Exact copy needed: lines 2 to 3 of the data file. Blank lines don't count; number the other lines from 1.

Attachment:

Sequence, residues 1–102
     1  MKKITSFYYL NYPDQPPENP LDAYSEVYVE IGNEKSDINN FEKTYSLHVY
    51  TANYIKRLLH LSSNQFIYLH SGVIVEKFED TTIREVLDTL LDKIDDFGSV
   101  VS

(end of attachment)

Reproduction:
     1  MKKITSFYYL NYPDQPPENP LDAYSEVYVE IGNEKSDINN FEKTYSLHVY
    51  TANYIKRLLH LSSNQFIYLH SGVIVEKFED TTIREVLDTL LDKIDDFGSV